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I'm implementing a bidirectional A* search (bidirectional as in the search is performed from both the origin and destination simultaneously, and when these two searches meet, I'll have my shortest path - at least with a bit of extra logic thrown in).

Does anyone have any experience with taking a unidirectional A* and bidirectionalising(!) it - what sort of performance gain can I expect? I'd reckoned on it more-or-less halving the search time, at a minimum - but may I see bigger gains that this? I'm using the algorithm to determine shortest routes on a road network - if that's in any way relevant (I've read about MS's "Reach" algorithm, but want to take baby-steps towards this rather than jumping straight in).

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Note - question title repeats A* in word-form to ease searching. –  Will A Sep 4 '10 at 9:55
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FYI: here is a link to the MS paper on Reach for A* (A-star): avglab.com/andrew/pub/alenex06.pdf –  shindigo Mar 14 '11 at 17:00

3 Answers 3

up vote 7 down vote accepted

In the best possible case it'd run in O(b^(n/2)) instead of O(b^n), but that's only if you're lucky :)

(where b is your branching factor and n is the number of nodes a unidirectional A* would consider)

It all depends on how easily the two searches meet, if they find each other at a good halfway point early in the search you've done away with a lot of search time, but if they branch into wildly different directions you may end up with something slower than simple A* (because of all the extra bookkeeping)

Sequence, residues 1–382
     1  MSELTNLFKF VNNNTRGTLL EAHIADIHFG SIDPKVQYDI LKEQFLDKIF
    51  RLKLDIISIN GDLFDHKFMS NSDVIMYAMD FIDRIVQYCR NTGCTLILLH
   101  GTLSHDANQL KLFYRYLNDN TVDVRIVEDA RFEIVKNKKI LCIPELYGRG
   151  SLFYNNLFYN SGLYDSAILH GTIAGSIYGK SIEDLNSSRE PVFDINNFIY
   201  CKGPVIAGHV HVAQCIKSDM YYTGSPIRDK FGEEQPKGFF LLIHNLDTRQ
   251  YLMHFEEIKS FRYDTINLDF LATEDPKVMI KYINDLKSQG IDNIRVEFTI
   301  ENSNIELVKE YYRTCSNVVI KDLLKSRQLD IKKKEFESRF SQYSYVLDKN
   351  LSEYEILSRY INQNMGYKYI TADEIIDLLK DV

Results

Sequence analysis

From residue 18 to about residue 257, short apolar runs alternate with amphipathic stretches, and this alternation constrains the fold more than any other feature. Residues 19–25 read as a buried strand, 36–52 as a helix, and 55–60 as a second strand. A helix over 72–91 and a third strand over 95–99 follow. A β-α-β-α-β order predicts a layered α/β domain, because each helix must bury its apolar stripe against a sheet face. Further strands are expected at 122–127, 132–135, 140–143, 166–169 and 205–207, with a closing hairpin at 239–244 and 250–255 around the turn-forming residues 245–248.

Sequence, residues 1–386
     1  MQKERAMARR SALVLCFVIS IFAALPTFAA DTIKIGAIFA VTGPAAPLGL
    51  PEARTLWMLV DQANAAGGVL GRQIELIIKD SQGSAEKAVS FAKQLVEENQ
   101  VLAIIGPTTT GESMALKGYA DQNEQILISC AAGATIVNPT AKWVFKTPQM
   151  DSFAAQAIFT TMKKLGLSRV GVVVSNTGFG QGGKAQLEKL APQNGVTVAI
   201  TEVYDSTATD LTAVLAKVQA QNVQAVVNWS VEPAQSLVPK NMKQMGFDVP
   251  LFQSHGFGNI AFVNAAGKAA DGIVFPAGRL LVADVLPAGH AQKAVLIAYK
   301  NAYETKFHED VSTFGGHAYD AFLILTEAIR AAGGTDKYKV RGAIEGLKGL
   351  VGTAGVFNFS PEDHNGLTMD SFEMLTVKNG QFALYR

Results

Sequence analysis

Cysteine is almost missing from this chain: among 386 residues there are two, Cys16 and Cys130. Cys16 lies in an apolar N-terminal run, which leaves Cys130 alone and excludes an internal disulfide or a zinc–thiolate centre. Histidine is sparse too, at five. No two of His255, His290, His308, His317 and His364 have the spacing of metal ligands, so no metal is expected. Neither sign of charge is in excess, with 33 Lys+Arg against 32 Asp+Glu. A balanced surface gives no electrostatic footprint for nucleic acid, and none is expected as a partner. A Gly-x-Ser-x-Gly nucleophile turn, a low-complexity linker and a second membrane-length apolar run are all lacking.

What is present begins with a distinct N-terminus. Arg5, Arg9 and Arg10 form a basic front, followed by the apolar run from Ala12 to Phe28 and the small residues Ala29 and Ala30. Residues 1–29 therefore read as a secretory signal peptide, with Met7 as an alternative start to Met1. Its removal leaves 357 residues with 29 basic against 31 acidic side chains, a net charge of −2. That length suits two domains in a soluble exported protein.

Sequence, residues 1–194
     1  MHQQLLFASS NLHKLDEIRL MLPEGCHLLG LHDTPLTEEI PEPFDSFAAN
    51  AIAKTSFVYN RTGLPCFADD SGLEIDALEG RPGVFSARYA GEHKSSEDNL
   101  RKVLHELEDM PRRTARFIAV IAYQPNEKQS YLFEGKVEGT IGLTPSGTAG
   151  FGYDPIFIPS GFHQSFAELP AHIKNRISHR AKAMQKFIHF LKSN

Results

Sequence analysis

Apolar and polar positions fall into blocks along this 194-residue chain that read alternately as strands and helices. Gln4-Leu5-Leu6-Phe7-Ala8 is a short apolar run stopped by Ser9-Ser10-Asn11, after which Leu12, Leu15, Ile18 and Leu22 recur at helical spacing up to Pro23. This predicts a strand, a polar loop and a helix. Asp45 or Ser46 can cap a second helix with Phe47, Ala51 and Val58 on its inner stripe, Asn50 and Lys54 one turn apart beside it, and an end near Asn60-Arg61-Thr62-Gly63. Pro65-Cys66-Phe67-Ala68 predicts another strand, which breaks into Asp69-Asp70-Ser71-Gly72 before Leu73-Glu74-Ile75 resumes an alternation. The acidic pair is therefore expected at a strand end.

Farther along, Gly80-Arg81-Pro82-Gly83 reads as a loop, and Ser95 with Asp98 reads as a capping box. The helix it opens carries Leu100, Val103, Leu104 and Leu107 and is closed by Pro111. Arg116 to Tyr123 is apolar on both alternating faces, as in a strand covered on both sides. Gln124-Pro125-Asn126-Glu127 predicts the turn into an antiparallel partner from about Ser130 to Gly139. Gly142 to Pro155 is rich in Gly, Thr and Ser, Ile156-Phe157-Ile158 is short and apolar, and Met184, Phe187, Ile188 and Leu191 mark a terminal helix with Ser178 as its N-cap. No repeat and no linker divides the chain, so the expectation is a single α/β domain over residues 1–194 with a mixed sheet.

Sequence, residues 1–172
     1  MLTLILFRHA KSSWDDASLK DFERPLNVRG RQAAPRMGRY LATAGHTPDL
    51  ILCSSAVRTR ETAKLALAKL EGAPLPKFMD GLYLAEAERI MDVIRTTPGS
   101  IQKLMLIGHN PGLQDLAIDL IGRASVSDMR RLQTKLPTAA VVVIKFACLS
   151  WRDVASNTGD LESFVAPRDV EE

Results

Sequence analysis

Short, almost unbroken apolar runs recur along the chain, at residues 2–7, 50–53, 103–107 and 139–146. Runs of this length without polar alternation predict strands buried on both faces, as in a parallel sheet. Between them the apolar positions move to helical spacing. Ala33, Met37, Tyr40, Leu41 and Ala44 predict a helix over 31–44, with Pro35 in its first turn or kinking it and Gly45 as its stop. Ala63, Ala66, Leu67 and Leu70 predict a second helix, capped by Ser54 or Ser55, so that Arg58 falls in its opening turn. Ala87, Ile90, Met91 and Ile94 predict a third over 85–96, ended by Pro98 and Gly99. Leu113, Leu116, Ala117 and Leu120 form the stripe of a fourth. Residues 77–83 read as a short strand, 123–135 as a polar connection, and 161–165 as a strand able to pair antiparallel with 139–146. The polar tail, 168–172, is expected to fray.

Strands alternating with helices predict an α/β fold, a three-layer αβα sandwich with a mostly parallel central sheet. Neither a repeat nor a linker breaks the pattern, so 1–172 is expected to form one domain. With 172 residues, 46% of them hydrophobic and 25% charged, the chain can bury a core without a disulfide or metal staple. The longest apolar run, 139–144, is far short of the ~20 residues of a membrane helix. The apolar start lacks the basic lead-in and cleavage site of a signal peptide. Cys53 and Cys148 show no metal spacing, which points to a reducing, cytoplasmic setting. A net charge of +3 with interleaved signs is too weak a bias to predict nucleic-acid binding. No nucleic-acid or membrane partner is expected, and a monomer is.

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Thanks Michael - some additional research has shown that I'm unlikely to be lucky - bidirectional A* is purportedly quite awkward when it comes to both directions converging on the same node. I may give it a go, or more likely will invest some time in figuring out Reach. –  Will A Sep 5 '10 at 5:13
    
On bigger numbers, you clearly win when doing bi-directional search. Microsoft Research labs use this algorithm, but with a lot of more complicated improvements. –  culebrón May 27 '11 at 21:14

You may want to try http://sourceforge.net/projects/tway/ there is a benchmarking script that compares this with standard astar ( for NY city roads data it seems to give a 30% time benefit )

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Have implemented 3 different bidirectional A* search algos (see cskit).

To see the algorithms in action, from project root type mvn exec:java (requires Maven). Good luck!

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